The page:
Safer workplaces because of Adult Education and Training (ABET)

Safer workplaces because of ABET

Poor literacy can be a major stumbling block in the way of health and safety in most industries. To help avoid injuries and fatalities and ensure safer workplaces, workers need to be able to communicate clearly with co-workers, supervisors, suppliers and customers.

Employers who are committed to creating healthy and safe working environments, therefore, also focus on ensuring that their staff can communicate fluently.

An employee who witnesses unsafe behaviour in the workplace will not be able to complete a report form to the required level of detail so that the necessary interventions can be implemented.

Employees who are not proficient in English may even lack the confidence that they need to speak to their supervisors about issues, such as observing a team member working at heights without a harness or not wearing the required personal protection equipment.

Failing to report these oversights could eventually result in serious injuries or even fatalities that lead to emotional trauma and staff demotivation. This is in addition to unwanted downtime and even costly closures by the authorities.When the public is involved, H&S incidences could also entail unwanted complex and expensive legal issues.

Enterprising companies have partnered with Triple E Training to provide leading Adult Basic Education and Training (ABET) for their employees. They know that the company’s literacy and numeracy training programmes will also make an important contribution to their Occupational Health and Safety (OH&S) programmes. This is in addition to the role that the company’s Adult Education Training (AET) plays in improving productivity and efficiencies in the workplace.

Safe, safer, safest

AET has been acknowledged worldwide as a significant contributor to safer workplaces.

Australia, New Zealand and Canada are among some of the leaders in the field, having undertaken extensive studies into the correlation between literacy and workplace safety.

For example, the Australian Industry Group surveyed 400 companies operating in the country’s manufacturing, construction, services and mining industries to determine the contribution that literacy training makes to OH&S.

More than 90% of the participants reported that there was a strong connection between literacy levels and H&S. All the industries experienced workplace injuries and unsafe practices due to poor literacy. Just more than 6% of incidents in small businesses operating in these sectors and above 5% of injuries and risky practices in the services sector were because of low literacy of workers.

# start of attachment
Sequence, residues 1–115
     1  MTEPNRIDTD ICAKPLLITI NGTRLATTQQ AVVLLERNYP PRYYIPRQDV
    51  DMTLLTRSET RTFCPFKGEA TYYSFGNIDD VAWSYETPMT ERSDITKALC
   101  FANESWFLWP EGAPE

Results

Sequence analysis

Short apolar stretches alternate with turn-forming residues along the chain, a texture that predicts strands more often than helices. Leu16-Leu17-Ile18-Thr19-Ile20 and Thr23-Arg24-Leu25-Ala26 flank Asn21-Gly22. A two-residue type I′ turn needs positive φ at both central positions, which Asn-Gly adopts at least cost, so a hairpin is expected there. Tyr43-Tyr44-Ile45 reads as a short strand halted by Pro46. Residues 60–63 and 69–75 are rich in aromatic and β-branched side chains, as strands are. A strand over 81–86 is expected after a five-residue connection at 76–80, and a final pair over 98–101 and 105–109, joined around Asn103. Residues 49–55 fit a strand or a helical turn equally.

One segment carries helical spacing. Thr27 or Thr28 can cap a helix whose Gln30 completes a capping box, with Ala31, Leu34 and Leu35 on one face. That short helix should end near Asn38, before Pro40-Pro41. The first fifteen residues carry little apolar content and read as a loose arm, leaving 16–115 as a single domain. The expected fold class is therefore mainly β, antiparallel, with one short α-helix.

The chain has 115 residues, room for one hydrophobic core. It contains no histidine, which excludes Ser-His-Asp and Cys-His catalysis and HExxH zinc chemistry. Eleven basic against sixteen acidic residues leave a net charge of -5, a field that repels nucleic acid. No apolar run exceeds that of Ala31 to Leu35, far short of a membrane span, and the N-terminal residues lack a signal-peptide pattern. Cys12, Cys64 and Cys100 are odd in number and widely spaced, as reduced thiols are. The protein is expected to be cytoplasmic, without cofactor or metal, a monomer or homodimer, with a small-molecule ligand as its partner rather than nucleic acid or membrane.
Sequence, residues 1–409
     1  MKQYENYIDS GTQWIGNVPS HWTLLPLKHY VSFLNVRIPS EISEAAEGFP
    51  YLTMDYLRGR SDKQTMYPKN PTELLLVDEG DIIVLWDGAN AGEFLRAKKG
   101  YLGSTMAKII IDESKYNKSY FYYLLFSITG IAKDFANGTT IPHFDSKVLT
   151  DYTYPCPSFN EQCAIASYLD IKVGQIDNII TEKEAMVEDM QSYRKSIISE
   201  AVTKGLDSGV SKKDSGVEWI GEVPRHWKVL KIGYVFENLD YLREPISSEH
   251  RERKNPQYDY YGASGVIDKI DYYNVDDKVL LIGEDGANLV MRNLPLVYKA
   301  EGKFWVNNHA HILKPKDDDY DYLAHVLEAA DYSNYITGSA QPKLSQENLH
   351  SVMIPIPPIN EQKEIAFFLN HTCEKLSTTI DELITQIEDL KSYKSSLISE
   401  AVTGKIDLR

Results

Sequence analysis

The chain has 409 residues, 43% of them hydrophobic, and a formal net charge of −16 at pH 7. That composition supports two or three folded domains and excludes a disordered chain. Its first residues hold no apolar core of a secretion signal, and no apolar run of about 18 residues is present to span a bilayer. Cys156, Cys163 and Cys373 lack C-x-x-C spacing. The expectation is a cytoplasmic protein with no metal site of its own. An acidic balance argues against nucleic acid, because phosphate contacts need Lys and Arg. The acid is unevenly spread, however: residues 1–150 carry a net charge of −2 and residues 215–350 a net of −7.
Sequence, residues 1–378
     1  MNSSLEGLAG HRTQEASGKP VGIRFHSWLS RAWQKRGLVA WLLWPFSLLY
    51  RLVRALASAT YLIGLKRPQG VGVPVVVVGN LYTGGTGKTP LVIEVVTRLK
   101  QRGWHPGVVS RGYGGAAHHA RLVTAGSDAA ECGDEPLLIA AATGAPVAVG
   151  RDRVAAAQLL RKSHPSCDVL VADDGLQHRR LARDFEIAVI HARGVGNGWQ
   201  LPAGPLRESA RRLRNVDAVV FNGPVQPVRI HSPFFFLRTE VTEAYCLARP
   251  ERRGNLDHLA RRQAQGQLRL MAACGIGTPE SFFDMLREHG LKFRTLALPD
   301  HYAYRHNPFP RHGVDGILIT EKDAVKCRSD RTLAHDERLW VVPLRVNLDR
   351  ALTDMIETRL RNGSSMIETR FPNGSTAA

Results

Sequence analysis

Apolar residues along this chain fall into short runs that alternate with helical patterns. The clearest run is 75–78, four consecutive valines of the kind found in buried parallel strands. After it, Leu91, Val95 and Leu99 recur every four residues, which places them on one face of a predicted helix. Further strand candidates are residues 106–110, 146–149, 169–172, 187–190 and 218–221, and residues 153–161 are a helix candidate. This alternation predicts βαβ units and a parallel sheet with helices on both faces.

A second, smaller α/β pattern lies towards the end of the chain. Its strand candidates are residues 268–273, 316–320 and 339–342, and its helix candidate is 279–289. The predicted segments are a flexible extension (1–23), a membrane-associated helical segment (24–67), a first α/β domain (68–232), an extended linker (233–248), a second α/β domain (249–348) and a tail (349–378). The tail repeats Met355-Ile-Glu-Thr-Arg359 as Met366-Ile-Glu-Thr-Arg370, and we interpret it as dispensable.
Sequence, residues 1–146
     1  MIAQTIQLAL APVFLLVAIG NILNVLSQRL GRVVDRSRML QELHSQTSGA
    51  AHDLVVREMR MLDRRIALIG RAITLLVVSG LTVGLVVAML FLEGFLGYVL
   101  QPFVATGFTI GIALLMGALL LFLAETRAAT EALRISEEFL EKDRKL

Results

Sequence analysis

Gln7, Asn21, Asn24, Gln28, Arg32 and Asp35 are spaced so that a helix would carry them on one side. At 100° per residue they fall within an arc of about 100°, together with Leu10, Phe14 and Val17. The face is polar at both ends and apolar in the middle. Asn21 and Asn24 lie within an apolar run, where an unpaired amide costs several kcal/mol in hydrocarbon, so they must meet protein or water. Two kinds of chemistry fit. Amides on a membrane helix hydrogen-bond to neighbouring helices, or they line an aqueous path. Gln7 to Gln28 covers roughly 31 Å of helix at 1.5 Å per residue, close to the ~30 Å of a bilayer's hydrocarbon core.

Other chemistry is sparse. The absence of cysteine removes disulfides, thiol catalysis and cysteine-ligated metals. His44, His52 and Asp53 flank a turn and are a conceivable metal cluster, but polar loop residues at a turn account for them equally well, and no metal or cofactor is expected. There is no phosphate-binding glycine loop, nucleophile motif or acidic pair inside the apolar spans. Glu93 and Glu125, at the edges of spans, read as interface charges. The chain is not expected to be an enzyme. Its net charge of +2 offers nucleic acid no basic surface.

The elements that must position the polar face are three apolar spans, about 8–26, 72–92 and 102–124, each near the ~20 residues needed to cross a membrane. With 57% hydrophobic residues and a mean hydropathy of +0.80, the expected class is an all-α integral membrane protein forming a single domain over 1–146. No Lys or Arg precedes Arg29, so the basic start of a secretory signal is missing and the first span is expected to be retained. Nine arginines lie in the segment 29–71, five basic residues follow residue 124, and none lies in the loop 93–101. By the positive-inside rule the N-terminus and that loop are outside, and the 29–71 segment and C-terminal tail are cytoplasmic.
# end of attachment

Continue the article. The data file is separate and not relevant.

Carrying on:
The biggest concern raised by the surveyed companies was inadequate completion of documents and reports. This is worrying, considering that these records ensure compliance with strict OH&S protocol and standards in highly regulated industries. Sound recordkeeping is not only compulsory; it also ensures that improvements can be made on an ongoing basis to avoid injuries and fatalities.

Meanwhile, a study undertaken in Canada found that workplace literacy training improved OH&S practices by up to 58%. This is in addition to a 48% reduction in mistakes in the workplace due to greater communication between team members, workers and supervisors and workers and clients.

Basic literacy and basic numeracy for safer sites

Adult literacy training, which includes basic arithmetic or numeracy, is a fundamental component of OH&S in most industries.

Workers who can read and write are able to articulate concepts accurately and more effectively to others and their basic numbers skills help with understanding and manipulating data.

In the international automotive manufacturing sector, for example, insurance companies insist that people who repair and service new hybrid-electric vehicles have certain basic competencies. This is considering the high voltage of these cars and the possible risk of being electrocuted when working on them.

The international mining industry has long recognised the important role that basic literacy, including writing and math skills, can play in making operations safer. This is an industry that has grappled with a worrying H&S track record for many years, especially among elementary workers, machinery operators and drivers. Because of their low level of skills, they are prone to accidents.